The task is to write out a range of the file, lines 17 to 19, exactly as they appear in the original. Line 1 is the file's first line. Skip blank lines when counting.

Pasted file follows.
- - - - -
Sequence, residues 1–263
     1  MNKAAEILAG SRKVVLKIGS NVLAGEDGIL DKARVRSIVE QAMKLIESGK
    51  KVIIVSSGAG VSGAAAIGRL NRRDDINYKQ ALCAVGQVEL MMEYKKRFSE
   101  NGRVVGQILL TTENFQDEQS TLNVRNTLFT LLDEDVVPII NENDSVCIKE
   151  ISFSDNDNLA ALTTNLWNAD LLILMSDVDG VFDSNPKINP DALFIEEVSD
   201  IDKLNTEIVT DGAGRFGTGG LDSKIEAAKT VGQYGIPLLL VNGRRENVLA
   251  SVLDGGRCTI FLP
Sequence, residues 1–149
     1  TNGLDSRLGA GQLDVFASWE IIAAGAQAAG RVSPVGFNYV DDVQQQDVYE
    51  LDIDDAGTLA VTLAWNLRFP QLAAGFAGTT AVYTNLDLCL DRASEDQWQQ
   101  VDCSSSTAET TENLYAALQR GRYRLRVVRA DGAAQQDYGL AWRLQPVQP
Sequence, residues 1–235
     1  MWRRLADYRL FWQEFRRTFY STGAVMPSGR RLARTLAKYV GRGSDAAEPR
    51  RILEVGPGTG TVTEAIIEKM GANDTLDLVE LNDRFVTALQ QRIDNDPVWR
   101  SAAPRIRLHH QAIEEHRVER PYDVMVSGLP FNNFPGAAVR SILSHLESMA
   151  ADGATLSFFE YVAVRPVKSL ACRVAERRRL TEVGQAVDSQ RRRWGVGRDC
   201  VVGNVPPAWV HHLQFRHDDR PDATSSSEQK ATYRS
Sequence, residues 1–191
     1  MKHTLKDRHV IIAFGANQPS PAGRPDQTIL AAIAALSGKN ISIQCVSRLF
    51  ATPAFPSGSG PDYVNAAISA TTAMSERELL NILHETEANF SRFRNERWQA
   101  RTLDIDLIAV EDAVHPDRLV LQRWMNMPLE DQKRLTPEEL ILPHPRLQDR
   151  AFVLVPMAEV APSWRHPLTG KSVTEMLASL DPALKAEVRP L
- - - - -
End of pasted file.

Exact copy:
   201  VVGNVPPAWV HHLQFRHDDR PDATSSSEQK ATYRS
Sequence, residues 1–191
     1  MKHTLKDRHV IIAFGANQPS PAGRPDQTIL AAIAALSGKN ISIQCVSRLF